Fall Arrives | September 14, 2020

Volume 1 Issue 16 | | Editor: Colleen MacLeod | #meadowlarkmonday

Harvest

All around the area, harvest is in full swing and this was no different at Pioneer Acres yesterday. A post from their Facebook page:

“Pioneer Acres last night. Our little crop of rye has been harvested and baled. Straw can’t of course be eaten by humans but it makes good bedding for animals like cattle, sheep or horses. This winter if you drive past a farm you might notice some happy cows up to their noses in straw bedding (it’s their version of a fancy duvet). And, the bales have a pretty texture and make good subjects in photographs.”

Apple Season

Of all the crops, apples may just be the most quintessential fall crop (sorry pumpkin). An extremely versatile fruit, apples can be used to make applesauce, apple pie, apple crumble, apple crisp, apple buns and apple cake as well as juice and hard cider to name a few. Apples often feature in Thanksgiving stuffing as well. There are so many uses for apples, this list could get very long. What is your favorite way to enjoy this delicious fruit? Comment below or send us a recipe for our next issue: themeadowlark.ca@gmail.com.

A Busy September Weekend

If you stayed in town this weekend you had a number of events to choose from on Saturday: it was a busy weekend in our little town.

Destination: Rocky Mountains

by Carli 

Instead of traveling somewhere warm this month, why not enjoy a horseback ride through our own Rocky Mountains? There are plenty of places that offer trail rides for anyone with or without experience. You can even go for overnights in either tents or camp lodges. These photos were taken near Banded Peak and it was an absolute beautiful ride and such a great experience! I hope that no matter what happens, we are able to find some inner peace by going outdoors and enjoying our own backyards.

Full Speed Ahead!

by Tracy & Ayvree, Irricana Kountry Kennel

The sun is shining, and all the dogs at Irricana Kountry Kennel are soaking up every single moment of summertime warmth. They’re spending it the best way possible, outside playing together & running full out, much to their heart’s joy and content! More pictures on our Facebook page.

What’s Up at the Library

The Adult Book Club and the Walking Club are back! In addition to a variety of programs both virtual and in person (check the calendar here), the library has new hours for September.

Fall Fair

The Irricana Library is hosting its Annual Fall Fair virtually! Entries are accepted until September 22 and the categories are: writing, sculpture, painting, digital art, crafts, photography, cake decorating and flower arranging. Get creative and get your entries in! Details here.

Camp 133

by Shelly, Pioneer Acres Museum
A little remembrance from 3 German POW, Camp 133

This model of a destroyer has a tiny swastika mounted on the front. That is because it was created by German prisoners during World War Two. Whilst we do not know the full story behind the creation of the artifact, the little message expresses affection for the people it was made for, perhaps a local farming family.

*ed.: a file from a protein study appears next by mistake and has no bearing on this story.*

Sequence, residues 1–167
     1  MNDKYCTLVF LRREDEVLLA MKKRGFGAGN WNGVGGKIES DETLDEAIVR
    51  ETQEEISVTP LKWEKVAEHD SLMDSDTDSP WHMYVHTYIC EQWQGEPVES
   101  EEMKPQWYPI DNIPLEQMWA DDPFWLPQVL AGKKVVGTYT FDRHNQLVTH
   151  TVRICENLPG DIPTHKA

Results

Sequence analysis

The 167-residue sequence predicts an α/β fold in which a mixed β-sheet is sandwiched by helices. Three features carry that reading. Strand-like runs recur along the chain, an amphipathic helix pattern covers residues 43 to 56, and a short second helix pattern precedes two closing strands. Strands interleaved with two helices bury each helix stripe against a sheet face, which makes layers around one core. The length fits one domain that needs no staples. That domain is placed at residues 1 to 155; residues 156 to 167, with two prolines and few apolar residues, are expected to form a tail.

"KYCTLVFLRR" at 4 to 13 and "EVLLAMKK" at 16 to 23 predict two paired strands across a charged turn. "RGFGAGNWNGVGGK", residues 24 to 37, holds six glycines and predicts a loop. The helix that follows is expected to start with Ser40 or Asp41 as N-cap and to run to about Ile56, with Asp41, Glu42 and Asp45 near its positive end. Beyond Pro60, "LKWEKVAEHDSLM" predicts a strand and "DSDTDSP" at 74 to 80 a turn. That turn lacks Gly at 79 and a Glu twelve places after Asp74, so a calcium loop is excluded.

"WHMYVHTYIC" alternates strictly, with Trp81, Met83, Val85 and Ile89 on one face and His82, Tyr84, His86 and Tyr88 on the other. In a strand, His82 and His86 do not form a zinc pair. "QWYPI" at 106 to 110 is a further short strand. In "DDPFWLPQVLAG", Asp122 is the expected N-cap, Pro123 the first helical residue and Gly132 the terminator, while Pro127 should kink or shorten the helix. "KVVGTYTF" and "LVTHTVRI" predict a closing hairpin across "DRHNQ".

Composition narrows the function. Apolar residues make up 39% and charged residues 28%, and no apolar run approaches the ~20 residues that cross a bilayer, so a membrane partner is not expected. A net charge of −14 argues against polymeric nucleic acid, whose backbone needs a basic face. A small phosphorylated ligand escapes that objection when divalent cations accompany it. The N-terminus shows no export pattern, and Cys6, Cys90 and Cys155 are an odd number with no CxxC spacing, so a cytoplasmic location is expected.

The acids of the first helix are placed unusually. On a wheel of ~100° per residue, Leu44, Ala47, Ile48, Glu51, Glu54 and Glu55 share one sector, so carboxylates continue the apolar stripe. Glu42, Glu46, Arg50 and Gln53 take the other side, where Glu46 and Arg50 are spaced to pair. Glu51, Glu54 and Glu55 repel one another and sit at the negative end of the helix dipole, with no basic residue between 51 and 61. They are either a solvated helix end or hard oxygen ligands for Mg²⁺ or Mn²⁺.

During the Second World War, nearly nine thousand Canadians became prisoners in Germany. A few were air force personnel who had their aircraft shot down. As you can imagine, not many were lucky enough to survive a plane crash. More commonly, prisoners were from the navy and had been rescued from the sea after their destroyers, cruisers or carriers were torpedoed. This happened to the Germans, too. And after they were rescued and taken prisoner, many made their way here to southern Alberta where there was an immense prison camp in Lethbridge called Internment Camp 133.

Under the Geneva Convention, prisoners had to be issued the same rations as Canadian troops stationed at home, which meant that prisoners on the prairies ate well – truckloads of sugar, meat, jam and other rationed items poured into the camp, which also housed a dental office, two large recreational buildings, a hospital, a mortuary and a detention barracks.

With so many young farmers serving in the Canadian army, the irony was that it was the German POWs who helped to ease the critical agricultural labour shortage. Their efforts brought in the harvest during those years of war and many volunteered to work in the fields, glad for the freedom it brought them. Many local farm families had fond memories of the young men who stayed with them. In Chestermere, Frank McElroy recalled,

“One summer, during the war, we had a prisoner of war working for us for a couple of months. He was a very well-educated Navy man from Germany, who made no trouble for us at all, and we were sorry when the time came for him to go back to the concentration camp. We were not allowed to give them too much money and their wages were sent to the camp to be given to them in small amounts. Several farmers in this area had prisoners of war working for them, for a couple of summers, most of them good workers.”

Around 6,000 German prisoners worked on southern Alberta farms until Camp 133 was closed in 1946.

Sources:
Saddles, Sleighs and Sadirons
Lethbridge: A Centennial History by Alex Johnston/Andry den Otter

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